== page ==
Queen Elizabeth II

Queen Elizabeth II

Queen Elizabeth II was born on 21st April 1926. She was the first child of The Duke and Duchess of York, who later became George VI and Queen Elizabeth. She was christened Elizabeth Alexandra Mary in the private chapel at Buckingham Palace. The young princess spent most of her early years enjoying a quiet family life with her parents and her sister, Princess Margaret.

When Princess Elizabeth’s grandfather, George V, died in 1936, her uncle came to the throne as Edward VIII. Before the end of the year, Edward had abdicated and Princess Elizabeth’s father became George VI. This meant the young princess was now next in line for the throne. When her father died in 1952, The Queen acceded to the throne at the age of 25. She celebrates two birthdays every year: her actual birthday on 21 April and her official birthday on a Saturday in June. The official birthday is held in the summer as it means there’s a better chance of good weather for the ceremony.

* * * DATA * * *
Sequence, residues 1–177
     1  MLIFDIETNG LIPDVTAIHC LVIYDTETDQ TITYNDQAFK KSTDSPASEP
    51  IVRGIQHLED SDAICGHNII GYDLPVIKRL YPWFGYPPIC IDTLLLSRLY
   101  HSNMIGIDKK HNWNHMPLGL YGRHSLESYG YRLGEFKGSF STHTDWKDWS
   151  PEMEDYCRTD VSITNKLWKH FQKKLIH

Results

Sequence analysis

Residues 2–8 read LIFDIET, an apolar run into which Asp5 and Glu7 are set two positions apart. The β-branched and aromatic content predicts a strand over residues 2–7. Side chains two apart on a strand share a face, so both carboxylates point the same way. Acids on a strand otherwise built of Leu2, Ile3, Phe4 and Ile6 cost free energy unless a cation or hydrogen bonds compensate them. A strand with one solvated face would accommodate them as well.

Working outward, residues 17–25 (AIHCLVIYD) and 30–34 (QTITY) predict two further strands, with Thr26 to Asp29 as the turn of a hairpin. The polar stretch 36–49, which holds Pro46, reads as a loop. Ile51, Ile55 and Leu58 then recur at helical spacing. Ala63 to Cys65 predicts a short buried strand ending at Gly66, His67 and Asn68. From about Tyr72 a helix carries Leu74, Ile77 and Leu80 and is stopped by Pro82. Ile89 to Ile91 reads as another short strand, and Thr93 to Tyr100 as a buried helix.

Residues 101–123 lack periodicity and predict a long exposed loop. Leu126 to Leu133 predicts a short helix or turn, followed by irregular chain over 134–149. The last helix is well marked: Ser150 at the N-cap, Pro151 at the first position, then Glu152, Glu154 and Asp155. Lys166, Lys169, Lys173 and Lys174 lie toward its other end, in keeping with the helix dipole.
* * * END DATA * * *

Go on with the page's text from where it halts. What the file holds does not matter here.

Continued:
In 2016, Queen Elizabeth II became the world’s longest reigning living monarch, having already surpassed her great-great-grandmother Queen Victoria’s reign to become the first British monarch to mark more than 63 years of service. From a young queen and a fairy-tale coronation, to a pillar of strength in an ever-changing world, we have shared in the highs and lows for an incredible 95 years of Her Majesty’s life.

We’re proud to have struck every official United Kingdom coin of Her Majesty’s reign, from the change in your pocket to the special coins that commemorated her coronation and jubilees.

Five Portraits

Five portraits of Her Majesty The Queen have been used on the United Kingdom coinage since her accession to the throne in 1952.